ORVEN (Caller): Hey, I watched the show. And I have just - I have three points. My first point being I don't think it perpetuates stereotypes. I mean, the stereotypes are there whether we deal with them or not. I really think the show is dealing more with reality. There are big people out there who are plus sizes who really deserve to love someone, who deserve to be loved.

I have two sisters who are plus-sized and I want them to be happy. Second point is, I don't think it's so much about being a plus size. I think it's more about being healthy. Healthy people can be really big and still be healthy. And my third point is this. We have a nominee of - for surgeon general of the United States who people are critiquing about being a plus-size woman. They're not looking at her credentials. They're not looking at her background. They're not looking at the community service she's done. They seem to be looking at the cosmetics of it.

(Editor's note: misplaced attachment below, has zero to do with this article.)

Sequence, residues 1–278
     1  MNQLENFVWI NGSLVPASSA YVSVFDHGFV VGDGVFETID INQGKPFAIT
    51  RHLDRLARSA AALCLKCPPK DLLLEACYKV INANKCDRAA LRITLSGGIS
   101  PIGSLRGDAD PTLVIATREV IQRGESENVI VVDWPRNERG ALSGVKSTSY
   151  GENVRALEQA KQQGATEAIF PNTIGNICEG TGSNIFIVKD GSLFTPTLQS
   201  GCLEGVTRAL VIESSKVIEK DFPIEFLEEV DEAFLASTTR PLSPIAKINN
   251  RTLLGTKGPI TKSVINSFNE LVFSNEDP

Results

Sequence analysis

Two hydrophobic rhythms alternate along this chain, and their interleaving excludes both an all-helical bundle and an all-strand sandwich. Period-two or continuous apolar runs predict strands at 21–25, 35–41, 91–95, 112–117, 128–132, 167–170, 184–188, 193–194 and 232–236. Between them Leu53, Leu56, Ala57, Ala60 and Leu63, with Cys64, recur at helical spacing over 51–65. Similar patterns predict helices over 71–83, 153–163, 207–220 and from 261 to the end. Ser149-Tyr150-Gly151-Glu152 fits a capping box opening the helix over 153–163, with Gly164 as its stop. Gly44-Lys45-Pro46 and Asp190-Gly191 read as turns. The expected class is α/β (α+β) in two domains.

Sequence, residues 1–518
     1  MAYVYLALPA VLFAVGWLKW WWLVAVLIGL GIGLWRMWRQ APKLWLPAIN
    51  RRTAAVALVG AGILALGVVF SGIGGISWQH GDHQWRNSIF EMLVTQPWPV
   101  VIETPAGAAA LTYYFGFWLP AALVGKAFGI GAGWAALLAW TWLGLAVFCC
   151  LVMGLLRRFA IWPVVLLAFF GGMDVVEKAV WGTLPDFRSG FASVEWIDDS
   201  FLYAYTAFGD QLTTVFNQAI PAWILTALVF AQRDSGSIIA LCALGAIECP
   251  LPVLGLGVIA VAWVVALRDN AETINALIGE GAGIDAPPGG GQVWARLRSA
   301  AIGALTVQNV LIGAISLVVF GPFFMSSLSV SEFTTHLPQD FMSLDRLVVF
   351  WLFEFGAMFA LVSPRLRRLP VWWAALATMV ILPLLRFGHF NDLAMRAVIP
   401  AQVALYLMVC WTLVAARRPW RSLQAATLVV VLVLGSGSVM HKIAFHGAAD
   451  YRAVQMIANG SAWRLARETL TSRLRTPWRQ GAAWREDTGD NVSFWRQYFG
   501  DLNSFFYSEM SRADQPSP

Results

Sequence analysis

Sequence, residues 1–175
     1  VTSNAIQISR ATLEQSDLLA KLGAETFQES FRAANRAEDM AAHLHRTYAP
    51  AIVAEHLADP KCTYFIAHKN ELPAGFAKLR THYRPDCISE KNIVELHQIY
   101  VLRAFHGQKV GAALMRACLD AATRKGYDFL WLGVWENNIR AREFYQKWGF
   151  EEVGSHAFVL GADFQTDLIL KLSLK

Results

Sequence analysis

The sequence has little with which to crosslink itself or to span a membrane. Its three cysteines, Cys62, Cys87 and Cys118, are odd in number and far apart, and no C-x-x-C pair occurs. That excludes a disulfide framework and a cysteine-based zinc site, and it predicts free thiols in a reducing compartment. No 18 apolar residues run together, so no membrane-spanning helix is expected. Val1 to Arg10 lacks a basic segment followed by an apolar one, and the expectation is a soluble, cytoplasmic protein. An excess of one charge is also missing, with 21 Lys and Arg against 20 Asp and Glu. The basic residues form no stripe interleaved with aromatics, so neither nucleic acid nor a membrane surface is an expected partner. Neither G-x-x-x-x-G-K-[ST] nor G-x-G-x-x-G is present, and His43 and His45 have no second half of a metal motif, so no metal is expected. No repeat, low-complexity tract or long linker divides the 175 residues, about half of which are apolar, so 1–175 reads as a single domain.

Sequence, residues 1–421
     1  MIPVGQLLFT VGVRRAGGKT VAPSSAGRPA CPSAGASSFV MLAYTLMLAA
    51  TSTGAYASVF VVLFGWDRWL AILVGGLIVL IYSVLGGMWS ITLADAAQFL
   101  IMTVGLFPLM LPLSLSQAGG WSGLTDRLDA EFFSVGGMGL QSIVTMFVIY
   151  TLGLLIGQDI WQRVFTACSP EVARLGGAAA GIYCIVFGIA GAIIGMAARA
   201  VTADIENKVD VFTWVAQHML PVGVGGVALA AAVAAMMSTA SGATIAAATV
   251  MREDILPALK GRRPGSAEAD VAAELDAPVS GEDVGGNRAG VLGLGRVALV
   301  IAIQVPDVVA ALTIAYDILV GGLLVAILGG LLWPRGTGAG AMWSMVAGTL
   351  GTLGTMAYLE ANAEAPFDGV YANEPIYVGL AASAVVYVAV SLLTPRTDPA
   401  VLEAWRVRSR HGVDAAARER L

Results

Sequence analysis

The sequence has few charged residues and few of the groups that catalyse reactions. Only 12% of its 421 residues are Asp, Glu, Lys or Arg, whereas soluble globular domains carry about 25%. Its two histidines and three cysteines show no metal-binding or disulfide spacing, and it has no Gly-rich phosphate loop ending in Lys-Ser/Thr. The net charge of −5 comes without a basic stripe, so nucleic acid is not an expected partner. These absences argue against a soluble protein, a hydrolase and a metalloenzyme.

And I hope one day we can really start dealing with the content of people's character, their heart and their soul and move on from there. Not everybody fits into that Twiggy cookie-cutout. And not everybody is not going to be in men's and women's health-fitness magazine. People can be healthy and happy and deserve to be loved.

CONAN: Nobody's going to argue with that, Orven. But on the other hand you have to admit that on a collective basis, on a national basis, obesity is a public health problem.

Ms. KIRBY: You don't have to admit that.